Other American cities are also filing lawsuits against fossil fuel companies.

These actions are also in line with a UK initiative, which is crowdfunding to raise funds to sue the UK government for not acting to meet its targets agreed in the 2015 Paris Agreement (see earlier blog on this website). However, whilst important in drawing attention to the plight the world is in, action is needs on other fronts as well, so that the use of fossil fuels worldwide declines more rapidly.



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The Uninhabitable Earth: a worst-case climate scenario

On July 9th 2017, New York Magazine published an article with this title, which led to a burst of media comment and controversy. It quickly became the most-read article in the magazine’s history.  See:, written by David Wallace-Wells which summarises the response to the original article.

Another, deeply thoughtful, response, written by David Korten for Common Dreams is entitled, ‘For the Love of Earth’ and can be found at:

Korten discusses the concept of Earth being a living super-organism (from Lovelock – and discussed also in my book Three Generations Left). The concept is about the Earth being able to self-regulate its systems (discussed also in Chapter 1 of my book “Our Beautiful World in Harmony”, which can also be found on this website). It is widely believed by many that the earth will ultimately recover from human’s destructive behaviour, which in some has led to complacency.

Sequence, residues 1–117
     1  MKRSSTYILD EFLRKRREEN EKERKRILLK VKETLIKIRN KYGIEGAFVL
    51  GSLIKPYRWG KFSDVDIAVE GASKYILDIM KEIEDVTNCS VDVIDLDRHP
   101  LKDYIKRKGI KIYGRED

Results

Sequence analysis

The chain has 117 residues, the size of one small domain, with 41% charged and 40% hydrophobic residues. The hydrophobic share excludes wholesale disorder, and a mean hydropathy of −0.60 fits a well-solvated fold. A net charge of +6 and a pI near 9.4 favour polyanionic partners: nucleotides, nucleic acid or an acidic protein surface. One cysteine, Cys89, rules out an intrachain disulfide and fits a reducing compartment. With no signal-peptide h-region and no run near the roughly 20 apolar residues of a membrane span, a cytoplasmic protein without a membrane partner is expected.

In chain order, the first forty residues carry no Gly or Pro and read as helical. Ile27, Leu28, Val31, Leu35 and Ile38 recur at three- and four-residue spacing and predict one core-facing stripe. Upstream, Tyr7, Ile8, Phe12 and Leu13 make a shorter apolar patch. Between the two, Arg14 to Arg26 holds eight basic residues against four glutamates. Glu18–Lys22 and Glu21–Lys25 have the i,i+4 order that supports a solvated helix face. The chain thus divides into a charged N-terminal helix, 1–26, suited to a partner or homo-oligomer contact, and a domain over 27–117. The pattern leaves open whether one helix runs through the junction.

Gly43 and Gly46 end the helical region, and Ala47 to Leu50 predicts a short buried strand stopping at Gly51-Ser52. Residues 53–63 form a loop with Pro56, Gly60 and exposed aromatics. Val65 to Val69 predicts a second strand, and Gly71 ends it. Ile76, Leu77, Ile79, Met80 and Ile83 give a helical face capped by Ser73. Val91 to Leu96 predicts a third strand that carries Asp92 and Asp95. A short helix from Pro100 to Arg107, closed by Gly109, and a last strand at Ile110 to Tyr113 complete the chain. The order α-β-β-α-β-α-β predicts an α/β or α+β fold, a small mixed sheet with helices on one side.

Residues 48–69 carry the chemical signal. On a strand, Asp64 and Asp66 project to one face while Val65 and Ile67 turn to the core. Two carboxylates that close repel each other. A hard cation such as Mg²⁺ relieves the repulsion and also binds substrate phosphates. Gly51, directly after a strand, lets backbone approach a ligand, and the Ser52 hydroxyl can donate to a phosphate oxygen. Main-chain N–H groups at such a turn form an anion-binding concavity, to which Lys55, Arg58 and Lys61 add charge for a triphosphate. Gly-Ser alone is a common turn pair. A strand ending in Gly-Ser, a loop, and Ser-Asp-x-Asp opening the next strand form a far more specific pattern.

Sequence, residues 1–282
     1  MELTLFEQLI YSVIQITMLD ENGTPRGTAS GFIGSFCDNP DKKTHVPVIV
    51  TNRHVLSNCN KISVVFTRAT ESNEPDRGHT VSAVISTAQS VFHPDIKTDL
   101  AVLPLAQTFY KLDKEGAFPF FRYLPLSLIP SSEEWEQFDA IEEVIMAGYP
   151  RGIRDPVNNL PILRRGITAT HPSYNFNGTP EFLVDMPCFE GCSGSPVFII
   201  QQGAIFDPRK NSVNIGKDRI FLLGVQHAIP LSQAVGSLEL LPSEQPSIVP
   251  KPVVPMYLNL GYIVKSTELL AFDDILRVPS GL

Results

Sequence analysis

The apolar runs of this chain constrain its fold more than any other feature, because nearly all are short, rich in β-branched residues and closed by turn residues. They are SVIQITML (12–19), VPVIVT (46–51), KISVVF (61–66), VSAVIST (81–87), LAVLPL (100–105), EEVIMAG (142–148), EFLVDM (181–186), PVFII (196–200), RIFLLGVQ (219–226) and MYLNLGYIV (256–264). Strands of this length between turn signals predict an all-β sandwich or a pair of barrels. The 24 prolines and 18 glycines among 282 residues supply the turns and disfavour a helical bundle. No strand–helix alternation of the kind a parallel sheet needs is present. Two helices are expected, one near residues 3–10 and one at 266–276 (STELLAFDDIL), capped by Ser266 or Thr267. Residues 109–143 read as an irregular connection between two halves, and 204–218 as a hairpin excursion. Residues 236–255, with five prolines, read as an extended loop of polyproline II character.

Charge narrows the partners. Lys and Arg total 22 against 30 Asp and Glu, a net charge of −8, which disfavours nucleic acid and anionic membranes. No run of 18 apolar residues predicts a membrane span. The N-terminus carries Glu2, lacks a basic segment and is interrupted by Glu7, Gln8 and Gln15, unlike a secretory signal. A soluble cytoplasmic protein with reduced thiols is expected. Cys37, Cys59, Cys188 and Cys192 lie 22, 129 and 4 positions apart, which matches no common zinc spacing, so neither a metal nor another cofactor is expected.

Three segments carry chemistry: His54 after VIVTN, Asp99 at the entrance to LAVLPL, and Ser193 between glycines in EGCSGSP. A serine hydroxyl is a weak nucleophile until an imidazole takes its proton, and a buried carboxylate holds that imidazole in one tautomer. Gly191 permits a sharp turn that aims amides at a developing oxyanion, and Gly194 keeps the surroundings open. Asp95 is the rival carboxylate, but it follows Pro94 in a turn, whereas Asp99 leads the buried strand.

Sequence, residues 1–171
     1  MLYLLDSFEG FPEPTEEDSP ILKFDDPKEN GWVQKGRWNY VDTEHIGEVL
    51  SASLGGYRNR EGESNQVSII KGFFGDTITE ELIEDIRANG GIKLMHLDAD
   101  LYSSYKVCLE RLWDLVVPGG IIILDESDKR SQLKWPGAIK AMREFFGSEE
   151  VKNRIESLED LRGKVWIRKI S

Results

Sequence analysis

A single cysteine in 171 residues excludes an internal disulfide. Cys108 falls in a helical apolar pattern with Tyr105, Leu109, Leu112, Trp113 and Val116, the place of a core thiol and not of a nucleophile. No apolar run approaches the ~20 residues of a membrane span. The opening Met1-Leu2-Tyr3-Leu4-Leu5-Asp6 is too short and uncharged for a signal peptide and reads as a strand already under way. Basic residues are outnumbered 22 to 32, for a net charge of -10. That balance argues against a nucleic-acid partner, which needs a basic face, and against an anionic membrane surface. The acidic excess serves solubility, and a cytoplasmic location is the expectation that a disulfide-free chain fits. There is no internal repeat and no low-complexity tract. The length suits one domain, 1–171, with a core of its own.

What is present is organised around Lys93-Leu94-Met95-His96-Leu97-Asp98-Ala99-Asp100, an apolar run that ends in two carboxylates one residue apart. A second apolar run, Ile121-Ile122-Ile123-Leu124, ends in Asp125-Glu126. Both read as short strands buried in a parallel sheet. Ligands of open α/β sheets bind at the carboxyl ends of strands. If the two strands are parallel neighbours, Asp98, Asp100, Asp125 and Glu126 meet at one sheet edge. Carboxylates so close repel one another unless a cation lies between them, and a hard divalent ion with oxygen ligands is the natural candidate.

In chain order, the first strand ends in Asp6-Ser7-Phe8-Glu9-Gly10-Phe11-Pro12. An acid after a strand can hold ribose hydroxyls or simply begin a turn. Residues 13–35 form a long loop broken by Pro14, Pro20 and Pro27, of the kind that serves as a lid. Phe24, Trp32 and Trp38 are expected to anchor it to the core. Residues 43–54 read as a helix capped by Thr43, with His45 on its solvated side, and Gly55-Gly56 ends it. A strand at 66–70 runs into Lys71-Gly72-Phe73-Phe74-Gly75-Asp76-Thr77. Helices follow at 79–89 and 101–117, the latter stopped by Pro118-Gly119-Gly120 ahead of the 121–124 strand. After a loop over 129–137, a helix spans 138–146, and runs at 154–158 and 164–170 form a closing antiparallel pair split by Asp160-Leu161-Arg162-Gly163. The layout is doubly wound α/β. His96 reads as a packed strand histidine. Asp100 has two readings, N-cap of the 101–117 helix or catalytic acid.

Korten goes on to say that “We are destabilizing the climate through the release of sequestered carbons; disrupting natural habitats through ocean acidification and temperature change; destroying natural forest and grassland habitats; and depleting, degrading, and contaminating soils and sources of fresh water on which all species depend. This in turn drives species extinction and renders growing areas of Earth uninhabitable.”  His contention is that humans have become like an invasive species and he quotes from Clive Hamilton’s book, Defiant Earth: the Fate of Humans in the Anthropocene”, also reviewed in the Guardian: